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A reporter's PressPass is required to access this story until the embargo expires on 26-Nov-2014 1:00 PM EST

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EMBARGOED

A reporter's PressPass is required to access this story until the embargo expires on 26-Nov-2014 1:00 PM EST

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NIH Scientists Determine How Environment Contributes to Several Human Diseases

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Using a new imaging technique, National Institutes of Health researchers have found that the biological machinery that builds DNA can insert molecules into the DNA strand that are damaged as a result of environmental exposures. These damaged molecules trigger cell death that produces some human diseases, according to the researchers. The work, appearing online Nov. 17 in the journal Nature, provides a possible explanation for how one type of DNA damage may lead to cancer, diabetes, hypertension, cardiovascular and lung disease, and Alzheimer’s disease.

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When Dogs Drink Water

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If you've ever watched a dog drink water, you know that it can be a sloshy, spilly, splashy affair -- in other words, adorable. Behind all of the happy, wet messes, however, lies the mechanical logic of carnivorous compensation -- dogs splash when they drink because they have the cheeks of a predatory quadruped. By studying the drinking habits of various dog breeds and sizes, researchers have recently identified and modeled the fluid dynamics at play when dogs drink water.

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New Plastic that Disappears When You Want It To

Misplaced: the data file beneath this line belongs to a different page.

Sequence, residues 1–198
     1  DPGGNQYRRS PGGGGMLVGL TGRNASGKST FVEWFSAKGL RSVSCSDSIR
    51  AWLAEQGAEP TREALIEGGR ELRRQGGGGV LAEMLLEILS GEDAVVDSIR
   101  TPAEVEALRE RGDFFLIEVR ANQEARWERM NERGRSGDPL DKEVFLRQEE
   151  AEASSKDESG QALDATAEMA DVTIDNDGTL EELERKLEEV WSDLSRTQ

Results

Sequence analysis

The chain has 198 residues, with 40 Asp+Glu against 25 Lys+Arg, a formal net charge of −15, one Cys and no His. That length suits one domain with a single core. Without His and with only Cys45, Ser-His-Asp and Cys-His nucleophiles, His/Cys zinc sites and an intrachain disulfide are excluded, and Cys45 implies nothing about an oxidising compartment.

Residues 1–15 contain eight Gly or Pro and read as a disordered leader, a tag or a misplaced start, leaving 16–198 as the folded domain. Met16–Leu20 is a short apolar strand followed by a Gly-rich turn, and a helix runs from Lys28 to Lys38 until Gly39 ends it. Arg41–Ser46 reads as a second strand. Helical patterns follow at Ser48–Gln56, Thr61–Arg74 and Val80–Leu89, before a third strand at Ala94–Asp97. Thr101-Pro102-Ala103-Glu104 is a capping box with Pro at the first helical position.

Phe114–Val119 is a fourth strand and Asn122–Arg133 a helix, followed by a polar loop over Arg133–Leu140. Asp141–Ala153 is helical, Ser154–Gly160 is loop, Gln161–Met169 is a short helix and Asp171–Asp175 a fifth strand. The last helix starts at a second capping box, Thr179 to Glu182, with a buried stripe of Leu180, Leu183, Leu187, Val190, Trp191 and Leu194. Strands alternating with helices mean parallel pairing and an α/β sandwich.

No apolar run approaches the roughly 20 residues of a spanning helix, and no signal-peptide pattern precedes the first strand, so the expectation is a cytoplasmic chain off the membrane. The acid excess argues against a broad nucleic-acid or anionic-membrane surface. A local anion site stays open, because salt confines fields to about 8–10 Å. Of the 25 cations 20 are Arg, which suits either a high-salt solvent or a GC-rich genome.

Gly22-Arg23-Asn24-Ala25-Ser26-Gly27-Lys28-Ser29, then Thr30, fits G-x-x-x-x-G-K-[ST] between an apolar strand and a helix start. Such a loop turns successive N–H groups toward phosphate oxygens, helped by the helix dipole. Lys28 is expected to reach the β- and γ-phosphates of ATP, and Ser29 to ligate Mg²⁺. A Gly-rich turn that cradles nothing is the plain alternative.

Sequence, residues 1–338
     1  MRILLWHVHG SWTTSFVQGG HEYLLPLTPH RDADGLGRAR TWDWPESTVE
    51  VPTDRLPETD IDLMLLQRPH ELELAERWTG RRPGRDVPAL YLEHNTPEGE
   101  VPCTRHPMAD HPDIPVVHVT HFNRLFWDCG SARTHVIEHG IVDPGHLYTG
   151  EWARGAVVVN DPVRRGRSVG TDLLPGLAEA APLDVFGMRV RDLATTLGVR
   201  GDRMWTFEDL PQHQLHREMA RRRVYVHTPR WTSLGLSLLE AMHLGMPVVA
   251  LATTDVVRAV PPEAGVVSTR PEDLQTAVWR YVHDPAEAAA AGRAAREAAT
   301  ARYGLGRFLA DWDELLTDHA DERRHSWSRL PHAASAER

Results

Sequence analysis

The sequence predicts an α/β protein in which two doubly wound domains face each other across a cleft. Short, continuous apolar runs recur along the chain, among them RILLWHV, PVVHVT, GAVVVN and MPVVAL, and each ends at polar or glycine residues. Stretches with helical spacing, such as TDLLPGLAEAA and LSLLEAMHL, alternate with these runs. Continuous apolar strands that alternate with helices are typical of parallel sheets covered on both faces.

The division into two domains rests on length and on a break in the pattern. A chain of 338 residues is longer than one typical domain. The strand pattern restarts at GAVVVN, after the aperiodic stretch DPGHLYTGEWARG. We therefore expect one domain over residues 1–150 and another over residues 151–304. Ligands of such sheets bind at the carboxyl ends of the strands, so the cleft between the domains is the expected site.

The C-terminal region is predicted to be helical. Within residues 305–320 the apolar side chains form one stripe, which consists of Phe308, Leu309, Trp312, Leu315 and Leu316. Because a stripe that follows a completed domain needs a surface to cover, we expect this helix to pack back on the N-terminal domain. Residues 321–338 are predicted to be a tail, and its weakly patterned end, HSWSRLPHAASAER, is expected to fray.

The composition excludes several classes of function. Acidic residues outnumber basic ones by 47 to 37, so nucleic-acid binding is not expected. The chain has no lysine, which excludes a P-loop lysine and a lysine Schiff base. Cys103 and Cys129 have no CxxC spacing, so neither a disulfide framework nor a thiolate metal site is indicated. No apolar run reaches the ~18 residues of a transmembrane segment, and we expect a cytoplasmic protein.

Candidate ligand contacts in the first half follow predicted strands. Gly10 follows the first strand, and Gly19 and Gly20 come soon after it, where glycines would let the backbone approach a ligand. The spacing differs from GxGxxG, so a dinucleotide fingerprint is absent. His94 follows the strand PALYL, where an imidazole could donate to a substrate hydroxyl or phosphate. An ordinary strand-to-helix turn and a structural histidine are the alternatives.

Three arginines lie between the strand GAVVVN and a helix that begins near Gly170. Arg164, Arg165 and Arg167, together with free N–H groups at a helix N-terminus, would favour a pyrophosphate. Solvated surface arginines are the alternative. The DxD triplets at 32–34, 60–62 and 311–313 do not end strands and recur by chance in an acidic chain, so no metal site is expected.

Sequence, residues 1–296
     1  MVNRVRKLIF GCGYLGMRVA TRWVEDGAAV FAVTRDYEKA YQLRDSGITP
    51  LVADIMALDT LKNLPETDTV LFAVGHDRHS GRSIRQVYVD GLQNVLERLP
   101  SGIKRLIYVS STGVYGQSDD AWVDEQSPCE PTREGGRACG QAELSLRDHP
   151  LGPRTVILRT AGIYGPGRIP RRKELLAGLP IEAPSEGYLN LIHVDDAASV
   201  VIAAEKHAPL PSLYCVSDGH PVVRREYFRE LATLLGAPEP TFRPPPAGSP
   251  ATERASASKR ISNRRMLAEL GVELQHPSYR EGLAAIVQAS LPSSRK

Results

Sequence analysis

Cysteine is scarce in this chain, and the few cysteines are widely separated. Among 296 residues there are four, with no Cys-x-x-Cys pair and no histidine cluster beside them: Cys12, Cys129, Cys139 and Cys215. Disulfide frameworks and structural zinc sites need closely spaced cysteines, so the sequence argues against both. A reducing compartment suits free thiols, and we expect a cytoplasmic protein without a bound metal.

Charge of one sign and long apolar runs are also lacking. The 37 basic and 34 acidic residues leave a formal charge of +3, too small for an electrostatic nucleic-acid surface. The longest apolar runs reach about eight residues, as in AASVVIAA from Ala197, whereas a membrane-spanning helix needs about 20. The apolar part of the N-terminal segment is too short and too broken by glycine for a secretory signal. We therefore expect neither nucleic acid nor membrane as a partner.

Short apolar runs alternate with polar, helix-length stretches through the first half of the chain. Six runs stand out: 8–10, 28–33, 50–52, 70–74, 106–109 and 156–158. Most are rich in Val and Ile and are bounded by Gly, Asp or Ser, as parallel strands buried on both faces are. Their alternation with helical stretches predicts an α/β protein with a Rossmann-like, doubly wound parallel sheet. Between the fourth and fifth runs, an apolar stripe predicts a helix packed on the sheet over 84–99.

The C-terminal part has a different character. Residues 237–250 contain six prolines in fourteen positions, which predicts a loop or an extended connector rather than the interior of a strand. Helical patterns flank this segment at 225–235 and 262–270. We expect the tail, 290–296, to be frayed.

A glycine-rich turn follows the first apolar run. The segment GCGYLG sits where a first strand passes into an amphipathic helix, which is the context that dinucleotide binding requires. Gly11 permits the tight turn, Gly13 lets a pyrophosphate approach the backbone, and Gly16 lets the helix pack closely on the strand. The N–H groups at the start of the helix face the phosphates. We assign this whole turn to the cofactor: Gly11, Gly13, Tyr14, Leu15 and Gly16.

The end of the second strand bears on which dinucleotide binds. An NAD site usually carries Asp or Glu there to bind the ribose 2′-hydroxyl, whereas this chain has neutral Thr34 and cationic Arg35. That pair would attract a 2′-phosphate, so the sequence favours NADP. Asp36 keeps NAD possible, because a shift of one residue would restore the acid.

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Plastic populates our world through everything from electronics to packaging and vehicles. Once discarded, it resides almost permanently in landfills and oceans. A discovery by researchers at North Dakota State University, Fargo, holds scientific promise that could lead to a new type of plastic that can be broken down when exposed to a specific type of light and is reduced back to molecules, which could then be used to create new plastic. The research by the Center for Sustainable Materials Science is published in Angewandte Chemie.

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Social Media Partly to Blame for Busybody Culture, Says Professor

The recent explosion of social media in our lives and domination of the air waves by so many "experts" are among the reasons people don't feel free to live their lives as they wish, according to Philosophy Professor John Lachs.

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Is Interstellar’s Science So Stellar?

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Interstellar features astronauts who take a wormhole ride to another galaxy to explore planets around a massive black hole. In a conversation last week, Berkeley Lab's David Schlegel discussed the science in the movie and what Hollywood could learn from scientists about fantastic settings in outer space.

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Next-Door Leopards: First GPS-Collar Study Reveals how Leopards Live with People

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In the first-ever GPS-based study of leopards in India, led by WCS and partners has delved into the secret lives of these big cats, and recorded their strategies to thrive in human-dominated areas.

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Life's Extremists May Be an Untapped Source of Antibacterial Drugs

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Life's extremists, a family of microbes called Archaea, may be an untapped source of new antibacterial drugs. That conclusion arises from the discovery of the first antibacterial gene in this ancient lineage.

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New Study: Jogging Keeps You Young

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A new study by researchers at Humboldt State University and the University of Colorado, Boulder is shedding light on an unexpected benefit of jogging in older adults.

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